• By Keng Jin Lee
    American Society of Cataract and Refractive Surgery
    Cataract/Anterior Segment, Comprehensive Ophthalmology

    A recent alteration in the formulation of preservative-free epinephrine could lead to a shortage of mydriatic agents for ophthalmologists, according to an alert issued by the American Society of Cataract and Refractive Surgery (ASCRS). 

    The new formulation from PAR Pharmaceutical—a major manufacturer of generic drug products—contains 0.457 mg of sodium metabisulfite and 2.25 mg/ml of tartaric acid, and is thus not safe for use in the eye. 

    PAR has sent out updated prescribing information to providers on several occasions, and their 30 ml bottles of epinephrine 1 mg/ml (1:1000) specifically state on the label “Not for Ophthalmic Use”. The smaller, 1-ml single-use vials, however, do not display this warning. This could potentially result in inadvertent use of the new product in hospitals or ambulatory surgery centers. 

    Currently, there is no published data or experience with intracameral administration of solutions containing tartaric acid. The alert also noted that the ASCRS has become aware of several reports of toxic anterior segment syndrome (TASS) that appear to have resulted from the inadvertent use of this product.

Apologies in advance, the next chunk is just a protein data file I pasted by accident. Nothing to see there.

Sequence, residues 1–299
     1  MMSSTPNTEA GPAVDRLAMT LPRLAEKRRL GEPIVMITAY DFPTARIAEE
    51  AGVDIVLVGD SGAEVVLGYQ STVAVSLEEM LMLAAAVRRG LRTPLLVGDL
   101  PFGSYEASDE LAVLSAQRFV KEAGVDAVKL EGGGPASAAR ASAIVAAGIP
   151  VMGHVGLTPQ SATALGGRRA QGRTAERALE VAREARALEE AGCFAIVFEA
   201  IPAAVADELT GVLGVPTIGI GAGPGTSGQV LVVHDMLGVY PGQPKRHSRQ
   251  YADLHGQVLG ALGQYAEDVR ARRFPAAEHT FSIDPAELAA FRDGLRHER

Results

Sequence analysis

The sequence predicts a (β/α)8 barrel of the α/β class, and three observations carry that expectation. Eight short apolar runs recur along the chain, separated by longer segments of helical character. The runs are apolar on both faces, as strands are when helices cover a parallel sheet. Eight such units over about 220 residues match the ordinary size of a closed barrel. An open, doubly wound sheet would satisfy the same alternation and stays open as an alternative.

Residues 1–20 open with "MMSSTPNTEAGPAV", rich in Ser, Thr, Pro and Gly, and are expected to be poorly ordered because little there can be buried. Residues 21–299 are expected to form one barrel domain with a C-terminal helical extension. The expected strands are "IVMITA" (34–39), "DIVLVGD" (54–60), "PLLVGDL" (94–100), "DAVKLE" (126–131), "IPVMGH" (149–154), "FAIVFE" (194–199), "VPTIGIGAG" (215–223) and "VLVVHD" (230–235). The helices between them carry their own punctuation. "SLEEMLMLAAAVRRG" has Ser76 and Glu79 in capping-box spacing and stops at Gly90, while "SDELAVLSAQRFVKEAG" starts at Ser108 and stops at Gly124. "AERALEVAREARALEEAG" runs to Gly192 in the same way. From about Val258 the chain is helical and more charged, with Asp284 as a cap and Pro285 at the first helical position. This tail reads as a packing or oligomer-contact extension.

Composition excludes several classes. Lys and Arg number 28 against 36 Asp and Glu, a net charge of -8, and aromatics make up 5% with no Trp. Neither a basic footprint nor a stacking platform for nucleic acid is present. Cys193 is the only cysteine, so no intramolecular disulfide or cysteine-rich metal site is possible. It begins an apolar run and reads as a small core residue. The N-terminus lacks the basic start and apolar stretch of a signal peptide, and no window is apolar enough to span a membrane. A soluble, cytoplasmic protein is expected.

Alternatives for inducing mydriasis recommended by the ASCRS include a preservative-free/bisulfite-free formulation by Belcher Pharmaceuticals, or a non-preserved, methylparaben-free epinephrine by Imprimis Pharmaceuticals. Surgeons could also consider using Omidria (Omeros Corporation), a phenylephrine 1%/ketorolac 0.3% combination drug that can be used in the irrigating solution during surgery.